Susan remembered that her mother shared this belief until it became obvious that things were not OK. She told her daughter,

“At first scientists explained the unnatural growth as being a positive result of   global warming with its prolonged warmer growing seasons and increased rainfall. The unprecedented growth of all living things, exposed to sunlight, including humans, quickly became problematic and stimulated scientists to look twice. We now know that Tony Clearwell’s X2X, a previously undiscovered UV ray, promotes rapid, almost uncontrolled growth in both flora and fauna. Scientists suggest that this X2X UV light is what created the Jurassic age, and killed the dinosaur age when transmission ceased.”

Susan sighed as she thought about the accelerated Darwinian way that dramatically enlarged reptiles, insects and the general spectrum of fauna were adapting to their enlarged bodies and the rapidly growing flora. No one had yet seen a facsimile of a Tyrannosaurus Rex, but she imagined that it was just a question of time.

SPRING – a poem

At  present I am preoccupied with visiting grandchildren and so I dug up this poem, written in the early 1970s when I lived in London, and edited now in 2019. Grandchildren can’t relate to this time before even thier parents were born, the senitments are universal so I hope that some of my readers may enjoy it.

I am a child of the night,
City born and thrust
Into the darkness,
Of faceless urban millions,
Sharing stereotyped desires,
And mass-media emotions,
Predicted and predictable. 

But, today I was free.
For today I saw the sun shine,
A warm spring sun,
It dried the ground,
It nuzzled nature to action,
Even as I was excited, delighted,
My heart uplifted by the globe.

Then joyful, I sang,
Forgetting the gray city,
Forgetting the tubes and fumes,
Forgetting humanity, my heritage,
And like the March hare,
Madly exulted in the sun,
My heart worshipped a pagan God.

Leslie a short story

At present I am reading short stories in Amy Hempel’s new collection “Sing to It.” In these stories most of her polished prose is in first person and reads as a stream of compelling, and of-times surprising consciousness. At first, I was confused by her style but after reading a few of the stories I tuned in and let her messages haunt. I can’t duplicate her style but admit some influence and offer this purely fictional tale for your comments.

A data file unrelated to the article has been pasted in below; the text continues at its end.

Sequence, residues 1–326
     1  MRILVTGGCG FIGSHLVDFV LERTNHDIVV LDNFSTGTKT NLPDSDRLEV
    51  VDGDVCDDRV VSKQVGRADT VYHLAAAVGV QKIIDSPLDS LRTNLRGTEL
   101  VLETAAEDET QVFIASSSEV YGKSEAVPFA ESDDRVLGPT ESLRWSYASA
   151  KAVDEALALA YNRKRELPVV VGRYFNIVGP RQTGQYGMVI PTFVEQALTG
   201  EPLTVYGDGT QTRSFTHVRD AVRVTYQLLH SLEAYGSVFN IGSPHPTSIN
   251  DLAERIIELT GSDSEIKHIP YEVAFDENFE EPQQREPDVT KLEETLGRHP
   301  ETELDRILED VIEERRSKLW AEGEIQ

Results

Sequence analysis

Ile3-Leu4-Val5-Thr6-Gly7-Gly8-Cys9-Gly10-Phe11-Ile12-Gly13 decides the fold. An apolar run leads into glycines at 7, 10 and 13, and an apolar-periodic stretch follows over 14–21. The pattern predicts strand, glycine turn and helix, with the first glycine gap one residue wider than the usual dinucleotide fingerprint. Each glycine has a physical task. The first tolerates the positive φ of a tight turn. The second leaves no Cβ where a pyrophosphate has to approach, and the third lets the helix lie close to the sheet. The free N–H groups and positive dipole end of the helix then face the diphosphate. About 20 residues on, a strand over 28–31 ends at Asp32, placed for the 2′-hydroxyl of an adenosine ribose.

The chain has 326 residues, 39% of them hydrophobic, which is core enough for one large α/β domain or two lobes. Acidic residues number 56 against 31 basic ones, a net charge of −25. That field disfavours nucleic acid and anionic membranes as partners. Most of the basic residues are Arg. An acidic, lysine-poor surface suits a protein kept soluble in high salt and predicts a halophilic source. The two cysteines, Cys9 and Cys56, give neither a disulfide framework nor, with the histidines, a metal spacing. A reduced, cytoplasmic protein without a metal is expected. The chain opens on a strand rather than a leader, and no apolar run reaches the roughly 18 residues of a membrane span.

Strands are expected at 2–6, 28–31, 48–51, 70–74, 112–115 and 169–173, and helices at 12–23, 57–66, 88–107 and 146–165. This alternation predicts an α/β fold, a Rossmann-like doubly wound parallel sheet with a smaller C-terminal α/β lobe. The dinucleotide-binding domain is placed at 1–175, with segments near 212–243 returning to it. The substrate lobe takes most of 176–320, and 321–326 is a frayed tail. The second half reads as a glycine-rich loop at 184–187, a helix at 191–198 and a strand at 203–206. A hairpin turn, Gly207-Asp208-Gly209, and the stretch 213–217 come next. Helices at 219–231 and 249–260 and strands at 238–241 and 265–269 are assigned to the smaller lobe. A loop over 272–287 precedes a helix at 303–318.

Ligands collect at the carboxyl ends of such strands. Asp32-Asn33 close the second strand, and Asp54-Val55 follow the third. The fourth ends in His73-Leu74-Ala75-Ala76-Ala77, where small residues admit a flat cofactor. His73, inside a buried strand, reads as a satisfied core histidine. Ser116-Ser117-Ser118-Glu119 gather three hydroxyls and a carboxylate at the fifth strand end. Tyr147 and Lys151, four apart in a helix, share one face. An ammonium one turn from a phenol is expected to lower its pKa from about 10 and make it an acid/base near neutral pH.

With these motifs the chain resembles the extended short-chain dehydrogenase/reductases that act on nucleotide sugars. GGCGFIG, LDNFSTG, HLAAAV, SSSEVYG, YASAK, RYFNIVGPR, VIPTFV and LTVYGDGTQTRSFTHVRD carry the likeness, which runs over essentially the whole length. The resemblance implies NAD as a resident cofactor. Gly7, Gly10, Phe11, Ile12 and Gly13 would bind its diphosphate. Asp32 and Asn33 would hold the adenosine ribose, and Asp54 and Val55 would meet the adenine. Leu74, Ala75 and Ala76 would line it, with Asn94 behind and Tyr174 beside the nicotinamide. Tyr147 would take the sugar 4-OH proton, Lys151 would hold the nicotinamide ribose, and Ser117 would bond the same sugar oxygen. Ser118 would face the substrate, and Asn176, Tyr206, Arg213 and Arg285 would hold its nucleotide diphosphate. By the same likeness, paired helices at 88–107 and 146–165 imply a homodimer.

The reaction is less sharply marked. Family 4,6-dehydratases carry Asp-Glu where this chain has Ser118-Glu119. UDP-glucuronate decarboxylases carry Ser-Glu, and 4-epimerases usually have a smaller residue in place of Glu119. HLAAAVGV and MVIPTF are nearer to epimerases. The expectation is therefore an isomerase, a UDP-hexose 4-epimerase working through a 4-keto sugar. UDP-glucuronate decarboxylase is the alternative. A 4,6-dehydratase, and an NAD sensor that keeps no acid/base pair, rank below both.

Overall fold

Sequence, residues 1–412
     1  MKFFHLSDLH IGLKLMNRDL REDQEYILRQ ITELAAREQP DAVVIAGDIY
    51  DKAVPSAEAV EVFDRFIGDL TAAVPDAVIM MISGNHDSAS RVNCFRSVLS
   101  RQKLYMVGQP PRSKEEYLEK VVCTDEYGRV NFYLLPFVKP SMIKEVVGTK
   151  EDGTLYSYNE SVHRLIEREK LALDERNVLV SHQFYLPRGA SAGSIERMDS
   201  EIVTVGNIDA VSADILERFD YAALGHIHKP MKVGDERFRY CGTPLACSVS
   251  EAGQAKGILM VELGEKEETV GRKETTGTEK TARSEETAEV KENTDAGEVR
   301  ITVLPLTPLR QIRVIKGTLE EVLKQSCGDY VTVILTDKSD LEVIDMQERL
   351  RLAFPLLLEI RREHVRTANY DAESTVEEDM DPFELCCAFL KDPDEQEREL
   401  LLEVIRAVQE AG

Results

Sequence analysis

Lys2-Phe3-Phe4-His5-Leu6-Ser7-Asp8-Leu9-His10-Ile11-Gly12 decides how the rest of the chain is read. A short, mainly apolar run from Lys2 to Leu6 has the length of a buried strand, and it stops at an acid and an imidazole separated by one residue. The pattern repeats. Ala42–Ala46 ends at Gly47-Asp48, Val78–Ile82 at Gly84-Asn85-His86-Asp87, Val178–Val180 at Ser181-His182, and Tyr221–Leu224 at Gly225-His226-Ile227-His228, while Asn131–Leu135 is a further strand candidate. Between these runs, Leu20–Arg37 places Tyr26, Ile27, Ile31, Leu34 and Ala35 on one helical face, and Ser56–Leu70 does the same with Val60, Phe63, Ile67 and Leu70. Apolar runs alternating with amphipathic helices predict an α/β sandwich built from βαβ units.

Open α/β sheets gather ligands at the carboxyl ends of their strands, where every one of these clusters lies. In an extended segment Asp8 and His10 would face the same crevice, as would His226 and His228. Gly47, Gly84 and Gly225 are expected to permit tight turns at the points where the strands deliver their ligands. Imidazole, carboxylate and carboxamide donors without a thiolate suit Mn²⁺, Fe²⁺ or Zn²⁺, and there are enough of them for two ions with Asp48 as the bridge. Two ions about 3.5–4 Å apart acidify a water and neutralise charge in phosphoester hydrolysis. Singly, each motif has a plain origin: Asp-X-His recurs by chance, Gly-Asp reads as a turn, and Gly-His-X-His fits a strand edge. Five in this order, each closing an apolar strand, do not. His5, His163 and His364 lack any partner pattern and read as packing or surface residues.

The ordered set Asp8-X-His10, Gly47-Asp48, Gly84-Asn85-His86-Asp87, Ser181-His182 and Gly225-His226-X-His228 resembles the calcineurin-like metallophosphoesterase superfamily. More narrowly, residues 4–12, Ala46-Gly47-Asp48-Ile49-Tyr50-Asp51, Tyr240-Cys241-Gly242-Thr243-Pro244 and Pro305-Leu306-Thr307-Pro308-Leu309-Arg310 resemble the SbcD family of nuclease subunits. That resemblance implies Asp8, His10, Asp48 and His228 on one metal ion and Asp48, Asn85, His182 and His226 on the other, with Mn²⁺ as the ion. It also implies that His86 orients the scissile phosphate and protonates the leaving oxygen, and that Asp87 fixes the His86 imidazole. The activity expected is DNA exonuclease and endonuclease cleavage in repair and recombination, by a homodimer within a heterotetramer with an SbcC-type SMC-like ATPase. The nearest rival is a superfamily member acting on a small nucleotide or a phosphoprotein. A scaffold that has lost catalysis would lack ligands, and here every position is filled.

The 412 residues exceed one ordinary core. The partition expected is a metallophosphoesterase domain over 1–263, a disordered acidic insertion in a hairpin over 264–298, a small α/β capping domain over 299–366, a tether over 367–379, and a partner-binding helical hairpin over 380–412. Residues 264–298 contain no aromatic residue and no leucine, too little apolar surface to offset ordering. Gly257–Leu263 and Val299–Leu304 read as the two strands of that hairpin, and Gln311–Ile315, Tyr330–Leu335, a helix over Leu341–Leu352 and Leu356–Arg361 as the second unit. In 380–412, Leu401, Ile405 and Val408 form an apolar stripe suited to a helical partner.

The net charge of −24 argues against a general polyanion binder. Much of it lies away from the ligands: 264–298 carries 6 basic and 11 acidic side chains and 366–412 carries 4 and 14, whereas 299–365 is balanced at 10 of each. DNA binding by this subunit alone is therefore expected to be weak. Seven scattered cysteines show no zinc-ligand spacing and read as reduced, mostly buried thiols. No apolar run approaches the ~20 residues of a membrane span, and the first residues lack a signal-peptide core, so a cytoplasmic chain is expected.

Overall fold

My routine is simple. I rise before the sun, don an attractive tracksuit and run. I adopt a three-mile circuit. I warm up on the short distance down the west side of Shoal Creek to the park at fifteenth. Here I cross and turn to run up the east side of the Creek where the trial is located next to Lamar and is lit by street lights. Then, at a mile and a half, when the sun has risen, I turn left across a bridge and take the path on the west side of the Creek. I enjoy the dappled sunlit path, the green trees, the earthy smell of the ground, the bird song, and the gurgle of the water in the Creek. In one place, the path opens up, and I pause to take in the magnificence of nature. I do some jumping jacks while staring at the way that the morning sun highlights the Creek. I promise myself that one day, I’ll return with watercolors and easel to paint this beautiful scene. Invigorated, I climb the bank to my apartment, shower, put on an attractive blouse and business suit, and drive my short commute to work.

On the way, I stop at my favorite coffee shop for a sweetened café latte. There are two baristas. From the way that they interact with each other, I assume that they are close. Jose, the taller of the two, always serves me. He must see me in the parking lot for, when I enter, he has my order ready. We exchange pleasantries. One spectacularly beautiful morning I tell him that I had an invigorating run along Shoal Creek that morning.

He asks: “Did you see Leslie?”

I tell him that the route is generally deserted. He comments that Leslie visits the coffee shop each morning with an identical order to mine. We both laugh, then I turn half expecting to see Leslie, instead I see a car entering the lot with the favorite Austin bumper sticker. It reads: “Keep Austin Weird.”

I turn back to Jose and remark, “That Leslie, as a confirmed cross dresser, is well invested in keeping Austin weird.” Jose agrees with me.

I arrive at the office and open it up for the day greeting the staff and my partners with a serene sense of wellbeing tinged with superiority. When the mayoral election comes around Leslie’s name is on the ballot. Leslie as mayor – now that would be weird. The winner is Kirk Watson for another term. I like him and admire the astute way that he brought the rampant city environmentalists and the needs of in-coming employers and their developers together.

His thesis was quite simple, “The environmentalists and business leaders have the same goals.”

His premise startled every one until he explained. The environmentalists wish to protect the green Austin amenities, such as the Barton Creek greenbelt, Shoal Creek, and Town Lake, to name a few; to do this, they need Council’s support and funds. The new comers and developers come because they wish to enjoy the green Austin amenities, such as the Barton Creek greenbelt, Shoal Creek, and Town Lake. They expand the tax base and bring funding for the environmentalists.

Everything evolves and so does my morning run. It begins with an appearance where the west trail comes to my favorite spot, the place where there is an opening commanding a view down the Creek. The man, yes of course, it is a man, is completely naked. He stands fifty feet from me obviously posing for my benefit. I pretend not to see but catch his actions as, he pees an impressive long arch into the Creek. I’m a little taken aback by his presence but not frightened. He is too far away, and I can run. I wonder if he is Leslie, who is known to camp somewhere along this Creek. I do ask myself why Leslie, who likes to be seen as a woman, should wish to assert masculinity to me. I calm myself by telling myself that this person, was caught by surprise, and is as startled as I am.